Exhibition: How Moscow Got Moving
18 April – 31 May 2015 – Museum of Moscow
The Museum of Moscow is a regular subject for our blog, because it keeps putting on new, interesting and thoughtful exhibitions. The place somehow manages to preserve its own ‘house style’ across widely divergent subjects. That style is one of historically accurate, intellectually sound modesty – where most museums would make a noise, this one talks gently – whilst the more famous galleries make their points with an impact, this one touches the arm of the visitor with a gesture of suggestion. So it is with the current exhibition, ‘How Moscow Got Moving’. It is relaxing, informative and familiar.
The curator has produced a short ride through the long and fascinating history of the development of the most diverse public transport system in the world. No other city uses so many different ways of getting from A to B or, as they do here, A to Я. Moscow has taxis, buses, trolley buses, trams, a monorail, electric trains and famously, the most impressive metro system anywhere.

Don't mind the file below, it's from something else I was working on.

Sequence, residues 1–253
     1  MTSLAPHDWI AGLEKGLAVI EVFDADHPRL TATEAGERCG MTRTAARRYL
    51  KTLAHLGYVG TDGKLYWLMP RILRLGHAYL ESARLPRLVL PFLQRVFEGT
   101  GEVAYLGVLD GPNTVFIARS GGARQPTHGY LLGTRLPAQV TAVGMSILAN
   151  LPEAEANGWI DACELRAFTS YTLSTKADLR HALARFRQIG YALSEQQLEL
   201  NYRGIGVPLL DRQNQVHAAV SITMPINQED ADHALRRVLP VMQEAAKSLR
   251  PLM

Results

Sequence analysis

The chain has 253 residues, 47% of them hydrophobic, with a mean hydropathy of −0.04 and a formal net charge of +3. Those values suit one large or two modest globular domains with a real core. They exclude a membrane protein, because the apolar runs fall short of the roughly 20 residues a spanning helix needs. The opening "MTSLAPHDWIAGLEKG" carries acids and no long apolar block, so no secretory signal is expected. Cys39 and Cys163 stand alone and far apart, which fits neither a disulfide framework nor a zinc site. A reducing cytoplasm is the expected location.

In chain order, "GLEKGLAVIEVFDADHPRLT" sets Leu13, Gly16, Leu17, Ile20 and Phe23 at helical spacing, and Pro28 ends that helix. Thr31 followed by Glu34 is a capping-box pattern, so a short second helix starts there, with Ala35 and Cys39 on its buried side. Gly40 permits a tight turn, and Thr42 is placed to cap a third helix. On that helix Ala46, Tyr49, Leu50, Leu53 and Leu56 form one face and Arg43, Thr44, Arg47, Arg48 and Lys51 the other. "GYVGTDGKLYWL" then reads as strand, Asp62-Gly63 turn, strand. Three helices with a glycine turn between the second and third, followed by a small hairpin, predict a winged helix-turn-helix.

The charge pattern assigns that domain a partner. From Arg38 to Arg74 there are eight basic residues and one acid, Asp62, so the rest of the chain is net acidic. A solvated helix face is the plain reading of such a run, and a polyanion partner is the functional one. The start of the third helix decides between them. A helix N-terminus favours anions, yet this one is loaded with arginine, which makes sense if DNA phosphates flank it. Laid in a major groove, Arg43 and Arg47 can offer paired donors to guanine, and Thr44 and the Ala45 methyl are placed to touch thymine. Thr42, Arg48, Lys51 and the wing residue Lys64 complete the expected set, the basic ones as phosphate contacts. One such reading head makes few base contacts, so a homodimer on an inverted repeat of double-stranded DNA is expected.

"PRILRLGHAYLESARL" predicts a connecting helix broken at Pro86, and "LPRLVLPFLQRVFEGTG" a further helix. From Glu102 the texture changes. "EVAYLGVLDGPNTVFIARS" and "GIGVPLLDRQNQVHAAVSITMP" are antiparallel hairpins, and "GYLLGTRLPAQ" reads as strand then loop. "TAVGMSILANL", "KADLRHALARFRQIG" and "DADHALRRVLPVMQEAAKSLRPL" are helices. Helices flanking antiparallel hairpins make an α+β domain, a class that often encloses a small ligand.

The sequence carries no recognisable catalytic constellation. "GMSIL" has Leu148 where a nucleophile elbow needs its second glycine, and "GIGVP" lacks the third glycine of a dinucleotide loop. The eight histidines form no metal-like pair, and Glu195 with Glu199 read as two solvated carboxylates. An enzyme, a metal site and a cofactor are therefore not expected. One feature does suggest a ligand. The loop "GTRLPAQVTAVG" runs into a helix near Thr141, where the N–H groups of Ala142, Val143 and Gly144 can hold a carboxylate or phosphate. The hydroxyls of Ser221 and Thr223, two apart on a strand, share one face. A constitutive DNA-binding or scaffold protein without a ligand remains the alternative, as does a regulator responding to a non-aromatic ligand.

The speed of development of the city itself is phenominal, and somehow the transportation provision seems to keep pace with this ever-expanding megapolis. The statistics speak for themselves: The population of the city grew during the first 10 years of the USSR from 1.3 to 2.7 million – more than doubling. In 1980 there were 2.5 million metro rides per day – now it’s 10 million – a fourfold increase in just 35 years.
It would have been good to see some more interactive exhibits on display – the archways in the supporting wall that bisects the gallery look absolutely perfect for a ‘metro driver’s view’ of a journey through the tunnels, providing something really unforgettable – but perhaps I ask too much – that sort of thing is probably the preserve of the Museum of Transport, whilst the Museum of Moscow concentrates in documenting and displaying not only on the infrastructure but also the lives of its citizens. In this respect, this exhibition is a success.
Zubovski Bulvar, 2 – Building 1
Park Kultury Metro